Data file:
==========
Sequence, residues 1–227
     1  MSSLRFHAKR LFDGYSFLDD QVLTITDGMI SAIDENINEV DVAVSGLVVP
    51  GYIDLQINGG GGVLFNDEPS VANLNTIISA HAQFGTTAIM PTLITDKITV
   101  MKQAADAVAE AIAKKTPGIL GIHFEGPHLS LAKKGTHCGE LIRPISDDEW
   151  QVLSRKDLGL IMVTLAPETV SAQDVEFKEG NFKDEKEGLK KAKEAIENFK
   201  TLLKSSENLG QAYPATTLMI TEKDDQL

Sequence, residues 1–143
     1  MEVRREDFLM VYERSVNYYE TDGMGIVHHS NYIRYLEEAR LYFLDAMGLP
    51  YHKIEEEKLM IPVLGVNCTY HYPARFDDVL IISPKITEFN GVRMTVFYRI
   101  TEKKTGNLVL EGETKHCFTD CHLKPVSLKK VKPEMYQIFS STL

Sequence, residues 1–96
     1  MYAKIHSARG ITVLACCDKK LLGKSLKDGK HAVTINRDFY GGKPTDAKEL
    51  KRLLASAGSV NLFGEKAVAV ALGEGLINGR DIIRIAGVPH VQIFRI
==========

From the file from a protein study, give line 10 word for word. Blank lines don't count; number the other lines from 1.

   101  TEKKTGNLVL EGETKHCFTD CHLKPVSLKK VKPEMYQIFS STL